Ruth Lea said, “The next steps in lifting restrictions are welcome, but the retention of the social distancing rules for the time being will remain problematic for the “face-to-face” sectors of the economy. Reflecting earlier relaxations, there are signs that the economy is recovering after the economic shock of lockdown in March, but May’s disappointing pick-up in GDP serves to remind us that the recovery could be protracted and painful. There is little doubt the labour market is deteriorating despite the furlough scheme and it is not unreasonable to expect the unemployment rate to rise to 10% by the end of this year. Meanwhile, the OBR’s latest analysis reminds us of the monumental deterioration in the public finances.”


For full story: http://www.djlkxw.com/economic_perspectives_group.html

Press enquiries:

Arbuthnot Banking Group PLC:

Ruth Lea, Economic Adviser
07800 608 674, 020 8346 3482
ruthlea@arbuthnot.co.uk
Follow Ruth on Twitter @RuthLeaEcon

Maitland:
Sam Cartwright
020 7379 4415
Jais Mehaji
020 7379 5151
arbuthnot@maitland.co.uk
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Comment, at a glance

Consumer credit broadly stable in June, some recovery in mortgage approvals
29 July 2020

Concerning lending to individuals the Bank of England announced: 
·       Total consumer credit levels were broadly stable in June. Households repaid just £0.1bn of consumer credit (net) in June, following payments of £4.5bn in May, £7.3bn in April and £3.7bn in March. (Money and credit statistical release, table B). The growth rate fell to negative 3.6% (YOY), the weakest since the series began in 1994, compared with May’s negative 3.0%. There was a repayment of credit card debt (£0.25bn) but other borrowing rose about £0.15bn.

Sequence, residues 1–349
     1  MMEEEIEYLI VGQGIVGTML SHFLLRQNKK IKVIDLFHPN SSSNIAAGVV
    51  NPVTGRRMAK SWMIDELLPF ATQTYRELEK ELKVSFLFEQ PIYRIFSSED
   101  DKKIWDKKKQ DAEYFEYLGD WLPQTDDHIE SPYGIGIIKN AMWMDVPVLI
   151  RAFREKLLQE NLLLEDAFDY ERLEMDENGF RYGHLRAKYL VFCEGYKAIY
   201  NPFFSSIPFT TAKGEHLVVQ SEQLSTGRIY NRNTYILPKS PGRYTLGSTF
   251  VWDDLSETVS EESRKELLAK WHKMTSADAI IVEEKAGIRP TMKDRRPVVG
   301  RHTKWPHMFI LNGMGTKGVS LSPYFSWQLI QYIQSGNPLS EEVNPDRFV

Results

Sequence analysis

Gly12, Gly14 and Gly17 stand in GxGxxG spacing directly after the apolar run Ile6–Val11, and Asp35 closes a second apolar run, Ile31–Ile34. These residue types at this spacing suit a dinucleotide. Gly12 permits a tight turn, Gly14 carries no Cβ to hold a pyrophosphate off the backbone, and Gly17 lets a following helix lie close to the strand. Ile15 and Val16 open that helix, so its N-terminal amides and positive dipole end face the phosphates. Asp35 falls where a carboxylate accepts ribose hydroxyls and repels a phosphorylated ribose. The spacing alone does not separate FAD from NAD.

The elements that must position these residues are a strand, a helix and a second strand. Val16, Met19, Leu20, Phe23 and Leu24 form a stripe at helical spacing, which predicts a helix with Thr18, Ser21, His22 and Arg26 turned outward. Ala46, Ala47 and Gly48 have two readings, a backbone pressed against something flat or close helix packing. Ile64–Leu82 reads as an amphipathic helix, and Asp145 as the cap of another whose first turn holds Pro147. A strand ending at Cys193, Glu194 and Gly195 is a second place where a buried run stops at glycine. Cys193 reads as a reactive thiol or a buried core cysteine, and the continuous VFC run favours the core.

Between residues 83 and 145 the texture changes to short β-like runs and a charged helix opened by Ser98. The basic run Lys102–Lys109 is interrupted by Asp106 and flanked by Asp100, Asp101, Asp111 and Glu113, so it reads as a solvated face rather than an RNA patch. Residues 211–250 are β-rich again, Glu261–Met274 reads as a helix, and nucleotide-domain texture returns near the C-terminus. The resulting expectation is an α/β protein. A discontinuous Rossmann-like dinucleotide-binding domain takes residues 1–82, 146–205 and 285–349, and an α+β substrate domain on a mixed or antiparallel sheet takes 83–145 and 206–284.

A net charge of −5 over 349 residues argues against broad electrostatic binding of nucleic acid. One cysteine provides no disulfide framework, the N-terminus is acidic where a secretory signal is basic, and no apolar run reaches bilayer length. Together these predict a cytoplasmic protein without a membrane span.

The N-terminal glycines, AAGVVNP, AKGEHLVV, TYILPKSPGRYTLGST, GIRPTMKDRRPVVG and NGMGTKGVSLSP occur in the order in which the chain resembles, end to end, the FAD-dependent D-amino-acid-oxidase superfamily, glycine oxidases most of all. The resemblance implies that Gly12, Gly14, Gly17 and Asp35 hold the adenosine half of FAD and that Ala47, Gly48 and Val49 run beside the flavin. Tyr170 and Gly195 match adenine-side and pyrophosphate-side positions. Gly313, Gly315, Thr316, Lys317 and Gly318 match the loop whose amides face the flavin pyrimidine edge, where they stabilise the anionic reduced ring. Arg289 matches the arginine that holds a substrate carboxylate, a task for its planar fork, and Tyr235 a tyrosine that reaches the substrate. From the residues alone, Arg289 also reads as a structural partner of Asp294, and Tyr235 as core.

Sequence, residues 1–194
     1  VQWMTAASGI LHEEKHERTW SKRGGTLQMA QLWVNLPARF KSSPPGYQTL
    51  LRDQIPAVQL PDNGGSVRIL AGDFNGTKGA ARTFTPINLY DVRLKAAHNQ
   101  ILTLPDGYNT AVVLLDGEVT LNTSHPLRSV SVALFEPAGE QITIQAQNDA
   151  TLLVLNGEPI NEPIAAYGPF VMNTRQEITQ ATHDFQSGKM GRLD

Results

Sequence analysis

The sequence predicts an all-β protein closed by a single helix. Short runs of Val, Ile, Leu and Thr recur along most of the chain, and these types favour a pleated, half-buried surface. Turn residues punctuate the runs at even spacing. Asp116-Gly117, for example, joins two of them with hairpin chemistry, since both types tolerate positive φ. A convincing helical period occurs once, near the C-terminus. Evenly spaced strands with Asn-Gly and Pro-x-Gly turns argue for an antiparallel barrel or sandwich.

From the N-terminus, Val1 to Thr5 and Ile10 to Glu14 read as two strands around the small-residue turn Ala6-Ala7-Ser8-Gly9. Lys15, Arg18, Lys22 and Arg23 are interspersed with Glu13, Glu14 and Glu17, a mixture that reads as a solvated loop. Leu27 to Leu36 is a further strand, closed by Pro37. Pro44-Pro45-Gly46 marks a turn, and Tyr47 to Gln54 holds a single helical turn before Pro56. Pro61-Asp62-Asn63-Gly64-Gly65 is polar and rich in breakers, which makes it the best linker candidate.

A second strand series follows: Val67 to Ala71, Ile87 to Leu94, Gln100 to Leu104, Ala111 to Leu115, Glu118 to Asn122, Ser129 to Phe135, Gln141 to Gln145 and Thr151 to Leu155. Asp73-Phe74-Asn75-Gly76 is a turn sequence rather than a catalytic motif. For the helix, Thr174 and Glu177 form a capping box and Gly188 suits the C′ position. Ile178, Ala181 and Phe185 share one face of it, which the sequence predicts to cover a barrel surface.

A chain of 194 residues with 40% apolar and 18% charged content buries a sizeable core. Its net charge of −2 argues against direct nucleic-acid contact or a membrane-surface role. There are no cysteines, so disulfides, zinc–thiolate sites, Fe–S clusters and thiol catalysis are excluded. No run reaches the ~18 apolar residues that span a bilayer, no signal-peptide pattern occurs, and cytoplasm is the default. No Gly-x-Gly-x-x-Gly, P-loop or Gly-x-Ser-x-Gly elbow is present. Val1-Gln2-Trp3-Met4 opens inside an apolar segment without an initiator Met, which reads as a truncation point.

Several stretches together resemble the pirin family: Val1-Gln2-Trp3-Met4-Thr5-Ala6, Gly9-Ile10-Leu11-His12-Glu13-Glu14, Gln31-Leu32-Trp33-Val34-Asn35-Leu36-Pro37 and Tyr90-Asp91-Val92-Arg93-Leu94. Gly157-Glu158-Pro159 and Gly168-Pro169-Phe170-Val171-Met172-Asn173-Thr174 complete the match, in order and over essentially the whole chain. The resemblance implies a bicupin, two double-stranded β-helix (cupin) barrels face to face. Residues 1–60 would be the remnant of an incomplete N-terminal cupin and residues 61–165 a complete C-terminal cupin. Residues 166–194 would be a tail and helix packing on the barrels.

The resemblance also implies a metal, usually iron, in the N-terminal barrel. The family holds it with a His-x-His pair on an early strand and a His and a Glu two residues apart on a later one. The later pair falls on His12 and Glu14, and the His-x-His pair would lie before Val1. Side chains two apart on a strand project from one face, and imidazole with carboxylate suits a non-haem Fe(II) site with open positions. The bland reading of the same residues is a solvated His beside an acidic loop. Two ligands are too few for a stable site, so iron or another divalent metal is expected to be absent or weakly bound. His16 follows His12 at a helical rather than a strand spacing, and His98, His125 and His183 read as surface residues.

·       There was some partial recovery in the number of mortgage approvals for house purchase in June (table E). The number rose to 40,000 in June, after May’s record low of 9,300. Nevertheless, this was still well below the pre-COVID-19 February level (73,700). Average approvals in the previous 6 months were 49,100. Approvals for re-mortgage were 36,900 in June, after May’s 30,700, but were 30% lower than in February.
·       Net mortgage borrowing by households increased by £1.9bn in June, after £1.3bn in May and a flat figure in April. The annual growth rate for mortgage borrowing slipped to 3.0% (3.1% in May) (table D). Mortgage borrowing tends to lag approvals.


Concerning bank lending to non-financial businesses, which includes lending to businesses in the public sector (table G):
·       Loans (net) to SMEs increased a further £10.2bn in June, whilst the growth rate increased to 17.4%, after 11.8% (YOY) in May and 1.2% in April. The Bank noted that “…this strength is likely to reflect businesses drawing down loans arranged through government-supported schemes such as the Bounce Back Loan Scheme”.
·       Loans (net) to large businesses, in contrast, fell a record £16。7bn in June, following a £13。0bn net repayment in May。 The Bank commented “…as was the case in May, around half of the net repayment in June was from the public administration and defence industry。 Abstracting from this industry, overall repayments were still large, broadly offsetting borrowing by SMEs。 There were large repayments from the real estate and manufacturing industries in particular”。 The YOY growth rate was 4。9% in June, after May’s 10。9%。